Copyright © 2024 by Xan Forest Phillips. Originally published in Poem-a-Day on July 9, 2024, by the Academy of American Poets. 

We cannot help but be students 
of our fathers’ disciplines, 

                       mine an avid disciple 
                       of scripture and royalty. 

What else can I confess? 
That I was a child? I carved myself 

                       into the civil shape of a knife. 
                       Pared until only the edge remained. 

I killed things because I could. 
Magnifying glass and the sun 

                       and the silent crawling things that 
                       could not fight back. 

That had no choice but to only 
hope for mercy. Unable themselves 

                       to beg. I confess. I was desperate 
                       to know that I was not alone. Every day 

we are made once more in the image of God. 
Every day God asks, Cruelty again? 

                       And every day we say, Oh Lord of Heaven, 
                       please, yes, yes. Cruelty again. 

Copyright © 2024 by Nora Hikari. Originally published in Poem-a-Day on July 8, 2024, by the Academy of American Poets. 

Praise the Ocean for teaching me that home is not location as much as it is
belonging where I am wanted 

Praise the Ocean for always wanting me 
for washing my body in and naming it child 

Praise the way the water bites at my ankles 
but never breaks the skin 

Praise the skin on my ankle that had to break for the gun for the tatau drawn by
the gun’s mouth in the hands 

of a tufuga during my first tatau appointment 
on island when I was 17 years old 

Praise his cigarette break  
so I could complete my sobbing in peace. 

Praise the umu, the underground oven of hot rocks and fire cooking the sweet coconut milk in the center of salted leaves for palusami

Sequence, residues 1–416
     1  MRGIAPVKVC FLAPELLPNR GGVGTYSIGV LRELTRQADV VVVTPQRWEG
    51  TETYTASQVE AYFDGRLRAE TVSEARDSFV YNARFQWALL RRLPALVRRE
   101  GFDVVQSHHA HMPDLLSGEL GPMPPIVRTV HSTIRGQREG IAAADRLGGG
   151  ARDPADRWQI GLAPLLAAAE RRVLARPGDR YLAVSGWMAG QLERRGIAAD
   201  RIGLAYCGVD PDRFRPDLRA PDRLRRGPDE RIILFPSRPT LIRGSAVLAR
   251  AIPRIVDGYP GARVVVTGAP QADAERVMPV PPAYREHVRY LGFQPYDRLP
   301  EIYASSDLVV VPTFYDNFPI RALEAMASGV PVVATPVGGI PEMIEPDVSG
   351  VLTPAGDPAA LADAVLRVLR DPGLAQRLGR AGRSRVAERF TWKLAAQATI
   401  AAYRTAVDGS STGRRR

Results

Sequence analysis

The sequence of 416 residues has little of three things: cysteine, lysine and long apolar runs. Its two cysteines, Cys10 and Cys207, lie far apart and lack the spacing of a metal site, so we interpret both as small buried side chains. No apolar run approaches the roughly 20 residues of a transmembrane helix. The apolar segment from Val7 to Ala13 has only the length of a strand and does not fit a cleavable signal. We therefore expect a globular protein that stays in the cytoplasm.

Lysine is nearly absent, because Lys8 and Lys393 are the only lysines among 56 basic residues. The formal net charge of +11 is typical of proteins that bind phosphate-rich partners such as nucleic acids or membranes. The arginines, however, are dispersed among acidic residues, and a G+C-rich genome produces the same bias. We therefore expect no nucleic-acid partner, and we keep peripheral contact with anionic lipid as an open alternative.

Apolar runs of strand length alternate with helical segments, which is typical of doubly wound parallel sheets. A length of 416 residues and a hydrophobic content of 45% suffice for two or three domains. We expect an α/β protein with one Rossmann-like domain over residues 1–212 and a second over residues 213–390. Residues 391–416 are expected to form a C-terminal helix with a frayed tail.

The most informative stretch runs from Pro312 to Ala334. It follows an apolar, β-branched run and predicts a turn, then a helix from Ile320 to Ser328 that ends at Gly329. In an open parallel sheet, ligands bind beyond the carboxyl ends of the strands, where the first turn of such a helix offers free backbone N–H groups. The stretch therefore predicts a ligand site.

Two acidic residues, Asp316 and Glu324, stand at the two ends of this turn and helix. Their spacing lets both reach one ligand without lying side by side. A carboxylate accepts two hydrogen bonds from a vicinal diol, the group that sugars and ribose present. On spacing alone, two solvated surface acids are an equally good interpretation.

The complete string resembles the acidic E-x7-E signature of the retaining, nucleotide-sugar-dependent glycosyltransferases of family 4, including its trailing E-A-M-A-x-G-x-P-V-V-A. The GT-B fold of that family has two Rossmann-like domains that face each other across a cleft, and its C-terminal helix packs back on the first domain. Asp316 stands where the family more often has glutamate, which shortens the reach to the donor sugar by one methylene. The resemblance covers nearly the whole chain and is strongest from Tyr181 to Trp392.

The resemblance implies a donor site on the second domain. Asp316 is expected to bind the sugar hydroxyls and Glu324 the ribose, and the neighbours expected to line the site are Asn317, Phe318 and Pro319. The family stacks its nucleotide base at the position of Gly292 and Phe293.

for the thick talo and soft fattiness of octopus tentacles 
Praise the crinkled crack of metal on the edge of every can of tuna 

greasy from oiled chunks of fish, peppered over a bowl of hot rice Praise the ground as dining room table 

as only place to eat 
at eating at the feet of our elders as the talking chief blessed us in prayer 

Praise the mother mosquito and her obsession with the back of my legs Praise the stench of repellant that stuck to my skin like boobie trap 

like tourist trick 
like 2nd generation 

like “not quite from here” 
Praise the heavenly scorch of heat behind my ears 

Praise the lowered heads and crossed legs atop each woven fala mat Praise the village of women who wove them 

the mulberry bark that was beaten enough to braid 
Praise the broken flip flops running alongside flattened frogs

on the road headed towards the church house
Praise the choir of children 

who sing with one tongue. 
Praise the way we lay our dead to rest in front of each house 

how there is no need for cemeteries 
if our kin never really die 

Praise the way they return home to us 
Praise home 

Praise us.

Copyright © 2024 by Terisa Siagatonu. Originally published in Poem-a-Day on May 30, 2024, by the Academy of American Poets.